Ten containers on a shipping vessel caught fire off the coast of Canada on Saturday. Photo courtesy of Canadian Coast Guard/Twitter
Oct. 25 (UPI) -- First responders over the weekend evacuated 16 people from a container ship that caught fire off the coast of British Columbia, Canadian authorities said.
Ten containers on the vessel burst into flames about 5 miles off the coast of Victoria and 17 miles north of the U.S.-Canada border on Saturday morning, prompting an evacuation of the Zim Kingston by local and federal agencies, the Canadian Coast Guard said in a statement, adding that the evacuated crew were met at Ogden Point by immigration, healthcare and police officials.
No injuries were reported.
The U.S. Coast Guard said in a statement the situation began mid-day Friday when its Puget Sound sector received a notification that the shipping vessel had lost 40 containers overboard after heeling 35 degrees in heavy swells about 38 miles west of the Strait of Juan de Fuca.
Shortly after 11 a.m. Saturday, Canadian officials noticed a fire within its containers.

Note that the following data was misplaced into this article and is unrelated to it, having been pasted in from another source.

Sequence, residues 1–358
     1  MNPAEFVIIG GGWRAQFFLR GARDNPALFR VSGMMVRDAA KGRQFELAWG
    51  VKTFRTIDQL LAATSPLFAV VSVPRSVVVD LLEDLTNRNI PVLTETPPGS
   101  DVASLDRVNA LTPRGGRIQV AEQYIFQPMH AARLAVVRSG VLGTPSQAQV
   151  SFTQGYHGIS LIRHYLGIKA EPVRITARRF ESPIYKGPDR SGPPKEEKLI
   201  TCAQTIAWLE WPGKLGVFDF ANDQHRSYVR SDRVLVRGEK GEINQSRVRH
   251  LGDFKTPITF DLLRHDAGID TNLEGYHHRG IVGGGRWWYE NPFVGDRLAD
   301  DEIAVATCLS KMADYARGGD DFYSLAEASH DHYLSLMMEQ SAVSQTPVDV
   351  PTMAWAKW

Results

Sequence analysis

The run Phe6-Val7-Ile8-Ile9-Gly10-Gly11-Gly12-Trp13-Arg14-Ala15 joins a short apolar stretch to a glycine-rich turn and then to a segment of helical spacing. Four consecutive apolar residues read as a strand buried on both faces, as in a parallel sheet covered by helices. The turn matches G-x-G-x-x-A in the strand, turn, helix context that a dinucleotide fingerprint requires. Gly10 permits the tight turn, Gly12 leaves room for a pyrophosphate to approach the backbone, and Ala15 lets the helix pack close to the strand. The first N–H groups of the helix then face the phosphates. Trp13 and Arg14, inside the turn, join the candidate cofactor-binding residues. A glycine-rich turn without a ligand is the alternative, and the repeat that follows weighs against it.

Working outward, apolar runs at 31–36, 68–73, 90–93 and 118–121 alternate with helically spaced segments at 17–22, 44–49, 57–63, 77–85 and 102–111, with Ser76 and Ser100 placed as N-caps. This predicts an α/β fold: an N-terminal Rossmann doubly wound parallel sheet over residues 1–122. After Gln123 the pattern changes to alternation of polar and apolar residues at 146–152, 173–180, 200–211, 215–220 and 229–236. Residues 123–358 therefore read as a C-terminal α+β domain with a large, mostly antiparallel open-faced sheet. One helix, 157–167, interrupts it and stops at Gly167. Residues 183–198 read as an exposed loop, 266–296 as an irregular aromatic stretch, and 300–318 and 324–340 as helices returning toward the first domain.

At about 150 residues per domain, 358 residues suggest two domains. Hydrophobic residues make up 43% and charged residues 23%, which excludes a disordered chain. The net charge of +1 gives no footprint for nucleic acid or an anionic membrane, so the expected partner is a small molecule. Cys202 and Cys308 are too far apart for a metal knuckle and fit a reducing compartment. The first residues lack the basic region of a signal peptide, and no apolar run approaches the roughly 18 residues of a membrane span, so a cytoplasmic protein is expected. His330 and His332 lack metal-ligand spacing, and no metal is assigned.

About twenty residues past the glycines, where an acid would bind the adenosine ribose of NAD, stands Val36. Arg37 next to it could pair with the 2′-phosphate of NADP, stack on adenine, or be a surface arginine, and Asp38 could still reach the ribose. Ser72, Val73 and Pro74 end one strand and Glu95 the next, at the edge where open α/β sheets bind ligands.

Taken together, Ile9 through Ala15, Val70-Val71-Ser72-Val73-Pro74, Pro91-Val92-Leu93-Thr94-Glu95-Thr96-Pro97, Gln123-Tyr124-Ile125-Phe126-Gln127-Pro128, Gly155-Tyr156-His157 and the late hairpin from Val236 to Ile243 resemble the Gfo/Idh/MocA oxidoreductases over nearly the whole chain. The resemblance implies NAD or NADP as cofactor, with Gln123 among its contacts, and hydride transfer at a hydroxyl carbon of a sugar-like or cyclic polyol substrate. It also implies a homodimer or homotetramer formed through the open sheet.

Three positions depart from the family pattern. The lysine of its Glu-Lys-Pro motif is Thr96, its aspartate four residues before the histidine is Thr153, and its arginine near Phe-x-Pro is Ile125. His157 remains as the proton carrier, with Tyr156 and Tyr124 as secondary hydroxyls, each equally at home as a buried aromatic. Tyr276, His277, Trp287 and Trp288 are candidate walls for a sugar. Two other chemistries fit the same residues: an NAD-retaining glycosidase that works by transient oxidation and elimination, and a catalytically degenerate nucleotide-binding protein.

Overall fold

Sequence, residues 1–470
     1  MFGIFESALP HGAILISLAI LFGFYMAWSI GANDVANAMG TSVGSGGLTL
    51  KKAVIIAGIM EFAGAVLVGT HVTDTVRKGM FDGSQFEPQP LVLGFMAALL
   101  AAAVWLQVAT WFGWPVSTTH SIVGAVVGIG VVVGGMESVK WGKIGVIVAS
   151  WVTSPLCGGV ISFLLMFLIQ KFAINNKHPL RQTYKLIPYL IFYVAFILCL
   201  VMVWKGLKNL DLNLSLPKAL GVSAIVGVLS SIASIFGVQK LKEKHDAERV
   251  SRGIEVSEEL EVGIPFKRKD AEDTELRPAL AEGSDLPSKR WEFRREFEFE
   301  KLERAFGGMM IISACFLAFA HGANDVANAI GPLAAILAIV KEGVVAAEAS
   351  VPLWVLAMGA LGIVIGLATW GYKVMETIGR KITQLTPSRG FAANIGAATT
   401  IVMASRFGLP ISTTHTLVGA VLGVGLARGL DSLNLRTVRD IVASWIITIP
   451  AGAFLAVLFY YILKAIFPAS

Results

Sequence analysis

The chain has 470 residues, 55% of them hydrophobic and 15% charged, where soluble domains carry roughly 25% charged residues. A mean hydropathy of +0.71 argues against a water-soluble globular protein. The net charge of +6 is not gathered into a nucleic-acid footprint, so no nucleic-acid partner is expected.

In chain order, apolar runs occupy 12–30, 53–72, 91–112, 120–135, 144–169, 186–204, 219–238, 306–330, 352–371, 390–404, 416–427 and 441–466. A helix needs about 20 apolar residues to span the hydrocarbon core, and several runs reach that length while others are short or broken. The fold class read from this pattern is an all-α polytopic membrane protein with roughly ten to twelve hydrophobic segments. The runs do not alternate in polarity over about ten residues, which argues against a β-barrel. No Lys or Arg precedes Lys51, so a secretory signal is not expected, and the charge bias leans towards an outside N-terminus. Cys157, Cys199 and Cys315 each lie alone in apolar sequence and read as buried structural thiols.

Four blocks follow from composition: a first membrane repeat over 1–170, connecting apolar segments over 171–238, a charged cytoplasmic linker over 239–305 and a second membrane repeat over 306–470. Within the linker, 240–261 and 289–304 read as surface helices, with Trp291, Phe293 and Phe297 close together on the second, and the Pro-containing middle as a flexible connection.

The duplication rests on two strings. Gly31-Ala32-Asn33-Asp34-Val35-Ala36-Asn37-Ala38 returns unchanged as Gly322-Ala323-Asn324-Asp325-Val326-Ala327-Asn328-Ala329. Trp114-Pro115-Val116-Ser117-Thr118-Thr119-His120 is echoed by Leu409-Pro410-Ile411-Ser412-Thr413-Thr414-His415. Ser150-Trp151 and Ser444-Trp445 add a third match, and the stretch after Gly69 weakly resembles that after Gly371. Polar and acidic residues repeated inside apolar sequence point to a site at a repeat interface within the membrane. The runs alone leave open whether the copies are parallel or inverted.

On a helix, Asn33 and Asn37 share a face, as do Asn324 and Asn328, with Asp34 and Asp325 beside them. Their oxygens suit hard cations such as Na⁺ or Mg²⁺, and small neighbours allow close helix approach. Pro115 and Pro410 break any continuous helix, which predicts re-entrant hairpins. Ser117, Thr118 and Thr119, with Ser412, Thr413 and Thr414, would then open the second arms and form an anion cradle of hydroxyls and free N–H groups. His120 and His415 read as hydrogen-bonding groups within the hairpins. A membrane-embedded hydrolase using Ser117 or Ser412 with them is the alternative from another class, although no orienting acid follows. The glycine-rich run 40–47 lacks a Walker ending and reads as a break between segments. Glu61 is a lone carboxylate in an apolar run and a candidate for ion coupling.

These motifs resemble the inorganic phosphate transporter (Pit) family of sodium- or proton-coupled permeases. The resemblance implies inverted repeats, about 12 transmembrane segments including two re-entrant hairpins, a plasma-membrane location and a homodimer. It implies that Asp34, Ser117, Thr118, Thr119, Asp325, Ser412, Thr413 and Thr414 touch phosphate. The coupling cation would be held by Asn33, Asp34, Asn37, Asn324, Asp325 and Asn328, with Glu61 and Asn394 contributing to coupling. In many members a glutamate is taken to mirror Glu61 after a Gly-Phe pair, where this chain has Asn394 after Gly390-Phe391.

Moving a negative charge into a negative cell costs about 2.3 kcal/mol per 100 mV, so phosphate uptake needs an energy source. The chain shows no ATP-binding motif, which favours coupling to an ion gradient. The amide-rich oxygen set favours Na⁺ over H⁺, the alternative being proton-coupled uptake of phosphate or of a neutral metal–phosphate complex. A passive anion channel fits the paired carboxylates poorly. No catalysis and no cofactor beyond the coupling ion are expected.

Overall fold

Fire fighting activity continued overnight and through Sunday when authorities said it had finally been "stabilized."
"Depending on weather tomorrow, hazardous materials firefighters will board the ship to fight any remaining fires and ensure the fire is out," the coast guard tweeted.
Amid the fire fighting operations, a 2-mile emergency zone was established around the vessel, which is owned by Greece-based Danaos Shipping Co.,
Overnight Saturday, tug boats sprayed the hull with cold water as chemicals onboard prevented dousing the fire directly with water.
Smoke from the fire was being tracked from air quality monitoring stations around the Greater Victoria area, the Canadian Coast Guard said.
During a press conference Sunday, JJ Brickett, the Canadian coast guard's federal incident commander, told reporters that the majority of the fire has been extinguished and it was "smoldering."
"Presumably, everything that was inside those containers has been consumed by the fire," he said.
He explained the plan was to let the containers be consumed by the fire while keeping those around it cool with there being no signs of charring of scaring detected on them.
"That's a really good sign," he said.
U.S. authorities said 35 of the overboard containers have been found with Canadian authorities adding that of those missing two contain hazardous materials and both agencies are warning that they "pose a significant risk to mariners."
"One of the objectives of the response is 100% accountability for all of these containers: where they are, what happened to them, what was in them and to the extent that we can, how can we recover them," Brickett said.
Into Monday morning, two vessels monitored the situation as five crew members remained onboard to fight the fire.